As emergency communications technologies adapt to an increasingly interconnected nation, the Department of Homeland Security (DHS) Science and Technology Directorate (S&T) has awarded more than $1.5 million to develop an Alerts, Warnings, and Notifications (AWN) Guidance Tool. The program planning app, which will be available through a portal at FEMA’s website, is expected to provide customized resources, best practices and program templates to address the most pressing challenges of alert originators, helping public safety agencies at the federal, state, local, tribal and territorial levels disseminate emergency and life-saving information.
“From the devastating wildfires on the West Coast to the very active Atlantic/Caribbean 2020 hurricane season to the ongoing COVID-19 public health emergency, there is a growing need to push actionable information out quickly to the public in order to save lives,” said Antwane Johnson, director of FEMA’s Integrated Public Alert & Warning System (IPAWS) office.
S&T awarded $1,542,113 through its Long-Range Broad Agency Announcement (LRBAA) program to Corner Alliance, Inc., a small business consulting firm based in Washington, D.C. and Boulder, CO. The research and development of this tool is a continuation of S&T’s partnership with FEMA in creating the IPAWS Program Planning Toolkit, aimed at assisting public safety agencies in minimizing alerting delays; planning for future alerts, warnings and notifications enhancements; facilitating interoperability across different technologies; and improving information sharing among emergency management and public safety officials.
“First responders rely on information to make life saving decisions, often with very little time to spare,” noted William Bryan, DHS Senior Official Performing the Duties of the Under Secretary for Science and Technology. “This tool will help public safety agencies respond quickly and decisively during emergencies or catastrophic events, and that allows the greater homeland security enterprise to be more prepared and resilient.”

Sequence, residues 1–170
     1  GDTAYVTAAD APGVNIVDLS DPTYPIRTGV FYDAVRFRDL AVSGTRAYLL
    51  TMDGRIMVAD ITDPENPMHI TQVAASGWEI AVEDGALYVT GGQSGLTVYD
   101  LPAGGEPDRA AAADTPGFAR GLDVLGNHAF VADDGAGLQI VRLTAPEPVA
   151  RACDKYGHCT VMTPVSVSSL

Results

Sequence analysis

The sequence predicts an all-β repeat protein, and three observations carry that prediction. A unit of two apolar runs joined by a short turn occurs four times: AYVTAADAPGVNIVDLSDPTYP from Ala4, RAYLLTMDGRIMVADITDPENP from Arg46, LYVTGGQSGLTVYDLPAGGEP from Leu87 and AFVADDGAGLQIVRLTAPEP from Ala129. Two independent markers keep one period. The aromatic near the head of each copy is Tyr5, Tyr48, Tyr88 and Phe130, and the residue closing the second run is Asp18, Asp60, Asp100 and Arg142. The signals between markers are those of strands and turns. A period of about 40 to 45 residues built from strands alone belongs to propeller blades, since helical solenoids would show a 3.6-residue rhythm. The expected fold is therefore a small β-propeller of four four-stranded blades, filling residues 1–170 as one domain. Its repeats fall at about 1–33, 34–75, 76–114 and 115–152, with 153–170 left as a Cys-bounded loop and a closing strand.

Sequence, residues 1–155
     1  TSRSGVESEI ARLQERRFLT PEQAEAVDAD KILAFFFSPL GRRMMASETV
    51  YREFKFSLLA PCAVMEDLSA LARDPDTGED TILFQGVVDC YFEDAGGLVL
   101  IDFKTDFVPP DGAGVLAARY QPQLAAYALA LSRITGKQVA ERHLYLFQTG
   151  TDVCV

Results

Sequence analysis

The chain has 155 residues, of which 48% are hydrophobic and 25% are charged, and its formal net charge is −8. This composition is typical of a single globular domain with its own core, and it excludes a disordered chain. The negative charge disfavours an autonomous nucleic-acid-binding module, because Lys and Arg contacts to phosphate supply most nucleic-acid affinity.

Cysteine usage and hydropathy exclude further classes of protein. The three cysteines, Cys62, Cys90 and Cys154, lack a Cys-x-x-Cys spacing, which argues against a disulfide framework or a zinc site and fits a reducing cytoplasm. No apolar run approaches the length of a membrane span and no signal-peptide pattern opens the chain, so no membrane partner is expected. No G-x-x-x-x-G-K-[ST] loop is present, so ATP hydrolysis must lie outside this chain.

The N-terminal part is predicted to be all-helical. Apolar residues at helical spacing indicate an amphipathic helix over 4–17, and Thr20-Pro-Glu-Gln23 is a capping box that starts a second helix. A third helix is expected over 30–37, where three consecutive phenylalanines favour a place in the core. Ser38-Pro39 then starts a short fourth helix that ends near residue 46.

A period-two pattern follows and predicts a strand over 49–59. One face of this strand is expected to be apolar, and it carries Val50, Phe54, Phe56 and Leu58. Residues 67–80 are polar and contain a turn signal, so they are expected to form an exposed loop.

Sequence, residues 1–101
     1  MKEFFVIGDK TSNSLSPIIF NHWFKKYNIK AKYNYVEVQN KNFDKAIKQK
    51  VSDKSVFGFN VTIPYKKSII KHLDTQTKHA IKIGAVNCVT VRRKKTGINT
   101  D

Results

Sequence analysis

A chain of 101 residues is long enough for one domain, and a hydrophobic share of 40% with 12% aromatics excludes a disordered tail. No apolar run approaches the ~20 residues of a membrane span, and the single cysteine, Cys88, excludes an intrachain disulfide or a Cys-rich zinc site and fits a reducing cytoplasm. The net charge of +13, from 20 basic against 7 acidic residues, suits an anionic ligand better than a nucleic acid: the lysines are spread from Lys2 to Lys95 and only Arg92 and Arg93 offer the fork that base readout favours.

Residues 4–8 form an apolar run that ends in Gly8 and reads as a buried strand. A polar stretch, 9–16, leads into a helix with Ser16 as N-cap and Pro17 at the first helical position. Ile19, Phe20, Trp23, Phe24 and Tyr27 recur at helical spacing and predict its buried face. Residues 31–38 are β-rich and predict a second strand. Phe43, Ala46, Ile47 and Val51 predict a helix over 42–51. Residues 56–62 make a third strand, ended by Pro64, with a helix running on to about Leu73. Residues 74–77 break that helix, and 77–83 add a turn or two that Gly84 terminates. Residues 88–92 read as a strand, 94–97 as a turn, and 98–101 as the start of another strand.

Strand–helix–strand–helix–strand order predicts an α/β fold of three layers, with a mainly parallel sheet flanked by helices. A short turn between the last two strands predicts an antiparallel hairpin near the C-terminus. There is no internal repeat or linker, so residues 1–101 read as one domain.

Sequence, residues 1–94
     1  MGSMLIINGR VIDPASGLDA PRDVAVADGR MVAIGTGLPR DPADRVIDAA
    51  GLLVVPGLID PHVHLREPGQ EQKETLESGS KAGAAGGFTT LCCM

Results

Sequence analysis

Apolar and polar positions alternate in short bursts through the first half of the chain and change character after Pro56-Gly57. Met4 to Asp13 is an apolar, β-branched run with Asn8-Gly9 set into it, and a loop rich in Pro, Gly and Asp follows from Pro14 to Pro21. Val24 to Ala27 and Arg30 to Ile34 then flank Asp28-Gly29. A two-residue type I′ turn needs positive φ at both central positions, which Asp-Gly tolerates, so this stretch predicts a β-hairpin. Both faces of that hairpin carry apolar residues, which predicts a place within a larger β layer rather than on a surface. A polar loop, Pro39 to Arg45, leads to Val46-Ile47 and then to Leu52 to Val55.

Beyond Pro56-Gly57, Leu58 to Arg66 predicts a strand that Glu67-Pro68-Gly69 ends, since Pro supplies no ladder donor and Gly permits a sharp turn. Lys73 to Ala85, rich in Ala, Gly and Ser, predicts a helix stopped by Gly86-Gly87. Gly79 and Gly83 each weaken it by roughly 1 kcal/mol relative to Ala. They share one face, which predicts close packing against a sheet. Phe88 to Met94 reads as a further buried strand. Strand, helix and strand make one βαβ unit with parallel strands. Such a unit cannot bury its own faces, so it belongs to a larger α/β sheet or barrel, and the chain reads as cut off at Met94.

The documents in the IPAWS Program Planning Toolkit were produced based on recent innovative changes to technology and derived from the collection of successful practices and lessons learned from hundreds of data points from stakeholders, including emergency managers, public information officers, alerting originators and administrators, and alerting experts.
“FEMA and DHS S&T plan to expand the toolkit into an online, user-friendly format that will allow stakeholders to download and print pre-filled planning documents with their information,” said DHS S&T Program Manager Norman Speicher. “Through this development, our team will continue utilizing a stakeholder validation process.”